Putting the Resume Together
Your resume is an advertisement for yourself. A resume that is well conceived but poorly executed can hurt you just as much as a resume that shows you are not qualified. The resume should be easily scanned the first time it is read. Essential information should stand out so the reader is encouraged to read and study the resume. Although there is no one right format to follow, here are some suggestions to keep in mind:
- Space information so that it is easy to read.
- Try to limit your resume to one page, unless your experience warrants two pages.
- Type your resume or have it done professionally on 8-1/2 x 11 high-quality bond. Never mimeo or ditto a resume.
- Select a type script that is easy to read.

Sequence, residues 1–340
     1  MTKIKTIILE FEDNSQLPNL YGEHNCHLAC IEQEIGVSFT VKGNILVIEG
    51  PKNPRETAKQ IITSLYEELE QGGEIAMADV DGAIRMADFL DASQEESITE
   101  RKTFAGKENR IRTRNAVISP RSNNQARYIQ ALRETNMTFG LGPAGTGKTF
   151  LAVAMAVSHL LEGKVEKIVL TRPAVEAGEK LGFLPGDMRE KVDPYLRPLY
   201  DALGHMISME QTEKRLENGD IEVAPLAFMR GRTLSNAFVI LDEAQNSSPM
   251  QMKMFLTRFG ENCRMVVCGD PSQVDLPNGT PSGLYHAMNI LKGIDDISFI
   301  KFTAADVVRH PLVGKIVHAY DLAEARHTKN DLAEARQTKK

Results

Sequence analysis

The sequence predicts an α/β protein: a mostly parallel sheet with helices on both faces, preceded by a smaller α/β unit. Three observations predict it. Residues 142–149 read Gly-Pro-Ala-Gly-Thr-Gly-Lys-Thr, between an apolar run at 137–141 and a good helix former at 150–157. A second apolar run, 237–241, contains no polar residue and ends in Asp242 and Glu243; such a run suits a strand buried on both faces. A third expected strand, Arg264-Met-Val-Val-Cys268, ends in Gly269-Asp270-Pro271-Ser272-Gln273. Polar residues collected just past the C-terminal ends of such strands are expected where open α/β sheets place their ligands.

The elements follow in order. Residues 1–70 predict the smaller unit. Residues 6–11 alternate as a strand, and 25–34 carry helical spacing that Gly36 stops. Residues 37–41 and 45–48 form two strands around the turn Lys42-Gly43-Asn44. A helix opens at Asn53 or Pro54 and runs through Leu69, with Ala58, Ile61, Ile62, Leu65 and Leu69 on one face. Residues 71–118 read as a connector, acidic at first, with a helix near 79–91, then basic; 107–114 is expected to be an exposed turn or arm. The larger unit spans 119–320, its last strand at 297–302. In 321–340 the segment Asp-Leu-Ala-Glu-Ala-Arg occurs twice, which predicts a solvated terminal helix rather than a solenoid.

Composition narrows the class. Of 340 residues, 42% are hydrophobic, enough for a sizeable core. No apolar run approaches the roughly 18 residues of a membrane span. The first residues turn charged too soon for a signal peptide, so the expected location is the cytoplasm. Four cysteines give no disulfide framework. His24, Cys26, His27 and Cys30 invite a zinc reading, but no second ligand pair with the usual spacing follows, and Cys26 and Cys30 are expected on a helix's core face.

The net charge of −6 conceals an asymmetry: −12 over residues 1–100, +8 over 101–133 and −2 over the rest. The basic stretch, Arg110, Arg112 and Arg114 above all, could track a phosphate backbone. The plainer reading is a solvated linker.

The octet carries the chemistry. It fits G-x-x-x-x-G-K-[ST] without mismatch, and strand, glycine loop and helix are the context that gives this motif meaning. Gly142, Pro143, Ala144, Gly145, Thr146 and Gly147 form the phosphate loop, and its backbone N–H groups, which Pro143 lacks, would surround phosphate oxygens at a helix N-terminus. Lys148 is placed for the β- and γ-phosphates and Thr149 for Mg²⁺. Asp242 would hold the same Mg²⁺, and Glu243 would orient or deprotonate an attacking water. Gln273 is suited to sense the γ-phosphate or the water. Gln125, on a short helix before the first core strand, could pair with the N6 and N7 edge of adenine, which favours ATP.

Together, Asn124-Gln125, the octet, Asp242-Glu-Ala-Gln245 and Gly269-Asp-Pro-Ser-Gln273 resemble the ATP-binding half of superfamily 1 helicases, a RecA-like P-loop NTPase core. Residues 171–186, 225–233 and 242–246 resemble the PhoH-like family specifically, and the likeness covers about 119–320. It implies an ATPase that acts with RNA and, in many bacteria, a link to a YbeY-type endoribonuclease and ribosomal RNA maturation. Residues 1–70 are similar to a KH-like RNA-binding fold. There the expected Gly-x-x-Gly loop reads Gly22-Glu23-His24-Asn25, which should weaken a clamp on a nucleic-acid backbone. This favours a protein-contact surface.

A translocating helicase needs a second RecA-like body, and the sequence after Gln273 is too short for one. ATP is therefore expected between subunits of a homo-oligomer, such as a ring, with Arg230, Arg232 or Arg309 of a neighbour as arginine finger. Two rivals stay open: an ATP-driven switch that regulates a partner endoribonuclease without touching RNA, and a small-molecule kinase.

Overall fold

- Margins should be approximately one inch, with double spacing between headings and single spacing within headings; however, use of space depends on the amount of information you must convey.
- Highlight items of special importance by underlining, selective placement or use of white spacing.
- Have your resume proofread by someone else. Check spelling, grammar, and punctuation before and after final typing. The worst mistake you could make would be to have an incorrectly spelled word or a typographical error in your resume.
- If you do not have a clear purpose for including something, leave it out. Use clear and concise statements. You need not use complete sentences; however, your phrases or clauses must be grammatically parallel.
- Use positive verbs that are strong in action rather than verbs that imply receiving or accepting. Use the active voice rather than the passive voice.
- was taught computer programming
- was given a raise
- worked with mailing
- mastered computer programming
- earned a raise
- initiated an improved mailing system
Back to Table of Contents